Unfortunately, both those evenings were spent in the pub, so I’m currently operating at 57% brain power.
Jabs is getting increasingly firm ideas about what he wants and doesn’t want these days. He’s just turned two years and nine months, and to be honest thus far his twos have not been very terrible.
Perhaps he’s building towards being an exceptionally challenging threenager. The last couple of weeks have certainly seemed to see an upping of the ante. And as of today he’s started to say he doesn’t want to do something because it’s ‘boinging’ (boring). Who’s to argue really that it isn’t. He spends his whole sponge-brained life watching my every move to work out how to be a human; is it possible he’s picking up on my none-too-subtle clues that I am bored. (Though that isn’t a word I would ever use? In fact, I’m not really sure where he picked it up.)
In all honesty, we’ve tried to steer our minds away from ideas like the terrible twos, as there seems a genuine danger of self-fulfilling prophecy. Every arguably unreasonable complaint, every raising of the voice, would be ascribed to a condition that could maybe be observed as easily in adult behaviour, given the necessary cues.
How I’m feeling about spending another day with Jasper often colours how the day goes. Is it possible that the terrible twos just represent kids getting bored with their parents? And more importantly, vice versa? God knows, neither of us are sparkling conversationalists, though I feel there is real hope for J in the future.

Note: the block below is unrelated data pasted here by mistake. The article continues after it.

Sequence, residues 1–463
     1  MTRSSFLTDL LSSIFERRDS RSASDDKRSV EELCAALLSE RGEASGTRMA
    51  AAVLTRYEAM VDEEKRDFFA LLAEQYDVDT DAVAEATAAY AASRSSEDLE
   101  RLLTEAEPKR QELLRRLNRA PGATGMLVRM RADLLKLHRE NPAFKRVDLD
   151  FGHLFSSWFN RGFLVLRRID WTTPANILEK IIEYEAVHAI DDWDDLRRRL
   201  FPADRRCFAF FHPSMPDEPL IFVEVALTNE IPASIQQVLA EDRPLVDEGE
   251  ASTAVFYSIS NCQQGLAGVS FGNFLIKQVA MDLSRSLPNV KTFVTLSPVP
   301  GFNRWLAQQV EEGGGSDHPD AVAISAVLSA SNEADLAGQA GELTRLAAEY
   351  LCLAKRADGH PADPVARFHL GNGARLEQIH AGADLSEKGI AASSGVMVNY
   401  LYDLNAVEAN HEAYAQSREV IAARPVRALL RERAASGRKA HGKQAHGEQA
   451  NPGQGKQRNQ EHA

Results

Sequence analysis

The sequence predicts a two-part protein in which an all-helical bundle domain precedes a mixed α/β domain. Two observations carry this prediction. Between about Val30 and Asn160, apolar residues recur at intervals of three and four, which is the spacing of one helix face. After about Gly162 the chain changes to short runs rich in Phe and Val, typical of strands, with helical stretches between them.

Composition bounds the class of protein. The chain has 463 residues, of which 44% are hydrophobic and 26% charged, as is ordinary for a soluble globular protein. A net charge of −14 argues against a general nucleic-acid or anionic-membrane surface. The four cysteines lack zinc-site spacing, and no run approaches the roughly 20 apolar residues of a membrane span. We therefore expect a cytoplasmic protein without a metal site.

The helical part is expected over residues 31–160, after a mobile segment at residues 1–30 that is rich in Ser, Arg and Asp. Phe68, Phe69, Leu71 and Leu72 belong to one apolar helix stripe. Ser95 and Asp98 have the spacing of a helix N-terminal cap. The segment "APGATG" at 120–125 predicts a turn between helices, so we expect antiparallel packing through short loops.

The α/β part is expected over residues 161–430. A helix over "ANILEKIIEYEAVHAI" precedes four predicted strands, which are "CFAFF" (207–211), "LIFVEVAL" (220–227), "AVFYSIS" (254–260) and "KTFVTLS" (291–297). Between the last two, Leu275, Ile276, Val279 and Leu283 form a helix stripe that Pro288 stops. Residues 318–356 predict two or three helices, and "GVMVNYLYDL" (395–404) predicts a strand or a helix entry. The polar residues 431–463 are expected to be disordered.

My CBT counsellor told me that research suggests that toddlers’ brains are so drenched in new unfamiliar hormones (more chemicals tearing through the synapses than at any time before the chaos of puberty), that it’s only to be expected when they get a little stressed out. I have also read though that the testosterone explosion in toddlers is something of a myth to soothe the battered psyches of parents confronted with fire-breathing balls of frustration.
It’s still disappointing, infuriating and depressing when J-Bone’s good humour pops like a cheap balloon and heels are dug in, tears and screams flowing after. But I try to accept that it’s inevitable. I try. The alternative is that I am sowing irreversible mind-bombs in his young little brain, that I am rearing a poisonous, anti-social little homonculus who will revisit my parental mistakes ninefold on a cowering populace. Or just making him really unhappy on a daily basis.
I had to remind myself earlier today during another snotty-cheeked meltdown that every single parent talks about these steepling freak outs. Everyone marvels at where these devilish streaks have come from, the sulphurous sulks. If I am making greivous errors in parenting, then I am not alone, and while that might be a bit difficult for what is left of my hollowed-out ego to absorb, absorb that information I must.
Half the job of parenting seems to be reminding yourself that everyone has similar issues.
The other half is counting to ten.